Matched MeSH terms: Nociceptive Pain/drug therapy*
  4. Ismail CAN, Suppian R, Abd Aziz CB, Haris K, Long I
    Diabetes Metab J, 2019 04;43(2):222-235.
    PMID: 30604591 DOI: 10.4093/dmj.2018.0020
    BACKGROUND: This study investigated the role of NR2B in a modulated pain process in the painful diabetic neuropathy (PDN) rat using various pain stimuli.

    METHODS: Thirty-two Sprague-Dawley male rats were randomly allocated into four groups (n=8): control, diabetes mellitus (DM) rats and diabetic rats treated with ifenprodil at a lower dose (0.5 μg/day) (I 0.5) or higher dose (1.0 μg/day) (I 1.0). DM was induced by a single injection of streptozotocin at 60 mg/kg on day 0 of experimentation. Diabetic status was assessed on day 3 of the experimentation. The responses on both tactile and thermal stimuli were assessed on day 0 (baseline), day 14 (pre-intervention), and day 22 (post-intervention). Ifenprodil was given intrathecally for 7 days from day 15 until day 21. On day 23, 5% formalin was injected into the rats' hind paw and the nociceptive responses were recorded for 1 hour. The rats were sacrificed 72 hours post-formalin injection and an analysis of the spinal NR2B expression was performed.

    RESULTS: DM rats showed a significant reduction in pain threshold in response to the tactile and thermal stimuli and higher nociceptive response during the formalin test accompanied by the higher expression of phosphorylated spinal NR2B in both sides of the spinal cord. Ifenprodil treatment for both doses showed anti-allodynic and anti-nociceptive effects with lower expression of phosphorylated and total spinal NR2B.

    CONCLUSION: We suggest that the pain process in the streptozotocin-induced diabetic rat that has been modulated is associated with the higher phosphorylation of the spinal NR2B expression in the development of PDN, which is similar to other models of neuropathic rats.

    Matched MeSH terms: Nociceptive Pain/drug therapy
  5. Zakaria ZA, Abdul Rahim MH, Roosli RAJ, Mohd Sani MH, Marmaya NH, Omar MH, et al.
    Biomed Res Int, 2019;2019:6593125.
    PMID: 31467905 DOI: 10.1155/2019/6593125
    Methanolic extract of Clinacanthus nutans Lindau leaves (MECN) has been reported to exert antinociceptive activity. The present study aimed to elucidate the possible antinociceptive mechanisms of a lipid-soluble fraction of MECN, which was obtained after sequential extraction in petroleum ether. The petroleum ether fraction of C. nutans (PECN), administered orally to mice, was (i) subjected to capsaicin-, glutamate-, phorbol 12-myristate 13-acetate-, bradykinin-induced nociception model; (ii) prechallenged (intraperitoneal (i.p.)) with 0.15 mg/kg yohimbine, 1 mg/kg pindolol, 3 mg/kg caffeine, 0.2 mg/kg haloperidol, or 10 mg/kg atropine, which were the respective antagonist of α2-adrenergic, β-adrenergic, adenosinergic, dopaminergic, or muscarinic receptors; and (iii) prechallenged (i.p.) with 10 mg/kg glibenclamide, 0.04 mg/kg apamin, 0.02 mg/kg charybdotoxin, or 4 mg/kg tetraethylammonium chloride, which were the respective inhibitor of ATP sensitive-, small conductance Ca2+-activated-, large conductance Ca2+-activated-, or nonselective voltage-activated-K+ channel. Results obtained demonstrated that PECN (100, 250, and 500 mg/kg) significantly (P<0.05) inhibited all models of nociception described earlier. The antinociceptive activity of 500 mg/kg PECN was significantly (P<0.05) attenuated when prechallenged with all antagonists or K+ channel blockers. However, only pretreatment with apamin and charybdotoxin caused full inhibition of PECN-induced antinociception. The rest of the K+ channel blockers and all antagonists caused only partial inhibition of PECN antinociception, respectively. Analyses on PECN's phytoconstituents revealed the presence of antinociceptive-bearing bioactive compounds of volatile (i.e., derivatives of γ-tocopherol, α-tocopherol, and lupeol) and nonvolatile (i.e., cinnamic acid) nature. In conclusion, PECN exerts a non-opioid-mediated antinociceptive activity involving mainly activation of adenosinergic and cholinergic receptors or small- and large-conductance Ca2+-activated-K+ channels.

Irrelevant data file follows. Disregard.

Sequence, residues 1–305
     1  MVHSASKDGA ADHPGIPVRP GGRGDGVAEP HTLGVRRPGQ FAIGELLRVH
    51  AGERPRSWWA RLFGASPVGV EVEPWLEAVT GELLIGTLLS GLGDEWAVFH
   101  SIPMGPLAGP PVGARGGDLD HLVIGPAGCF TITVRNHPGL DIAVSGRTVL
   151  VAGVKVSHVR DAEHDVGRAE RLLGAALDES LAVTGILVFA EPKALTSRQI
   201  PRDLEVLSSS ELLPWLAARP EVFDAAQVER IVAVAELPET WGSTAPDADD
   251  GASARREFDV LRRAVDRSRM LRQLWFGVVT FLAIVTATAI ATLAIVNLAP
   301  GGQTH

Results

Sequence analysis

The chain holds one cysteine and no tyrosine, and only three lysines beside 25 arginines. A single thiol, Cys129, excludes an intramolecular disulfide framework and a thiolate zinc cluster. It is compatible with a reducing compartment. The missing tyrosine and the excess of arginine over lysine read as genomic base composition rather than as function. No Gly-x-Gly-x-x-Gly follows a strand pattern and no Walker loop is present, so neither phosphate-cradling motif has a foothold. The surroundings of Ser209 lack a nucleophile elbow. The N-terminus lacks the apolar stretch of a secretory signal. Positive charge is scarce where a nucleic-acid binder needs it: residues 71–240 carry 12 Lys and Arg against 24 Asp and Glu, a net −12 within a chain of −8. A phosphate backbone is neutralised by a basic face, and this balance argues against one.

Matched MeSH terms: Nociceptive Pain/drug therapy*